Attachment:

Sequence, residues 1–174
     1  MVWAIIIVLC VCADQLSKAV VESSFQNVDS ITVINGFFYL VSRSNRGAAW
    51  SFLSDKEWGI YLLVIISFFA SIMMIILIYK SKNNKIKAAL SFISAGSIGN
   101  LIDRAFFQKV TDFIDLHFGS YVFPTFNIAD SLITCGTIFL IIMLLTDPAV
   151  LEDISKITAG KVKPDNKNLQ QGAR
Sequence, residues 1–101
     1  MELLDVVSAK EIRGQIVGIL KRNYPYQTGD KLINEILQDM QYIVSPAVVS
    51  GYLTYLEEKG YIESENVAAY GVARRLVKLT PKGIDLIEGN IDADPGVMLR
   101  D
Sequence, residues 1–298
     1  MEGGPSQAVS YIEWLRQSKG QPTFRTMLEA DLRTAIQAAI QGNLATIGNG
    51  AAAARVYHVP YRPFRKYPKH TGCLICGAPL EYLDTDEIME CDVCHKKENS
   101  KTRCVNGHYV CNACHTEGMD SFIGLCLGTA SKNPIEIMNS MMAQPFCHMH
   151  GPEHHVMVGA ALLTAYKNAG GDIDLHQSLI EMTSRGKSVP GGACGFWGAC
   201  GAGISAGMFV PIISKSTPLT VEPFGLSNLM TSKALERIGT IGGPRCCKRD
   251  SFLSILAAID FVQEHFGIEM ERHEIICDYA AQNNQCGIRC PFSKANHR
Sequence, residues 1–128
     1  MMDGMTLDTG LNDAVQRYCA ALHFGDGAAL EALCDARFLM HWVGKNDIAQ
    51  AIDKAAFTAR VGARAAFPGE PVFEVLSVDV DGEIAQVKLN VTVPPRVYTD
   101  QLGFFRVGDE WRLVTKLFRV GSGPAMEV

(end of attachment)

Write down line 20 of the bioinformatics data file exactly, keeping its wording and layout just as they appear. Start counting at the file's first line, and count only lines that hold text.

   101  QLGFFRVGDE WRLVTKLFRV GSGPAMEV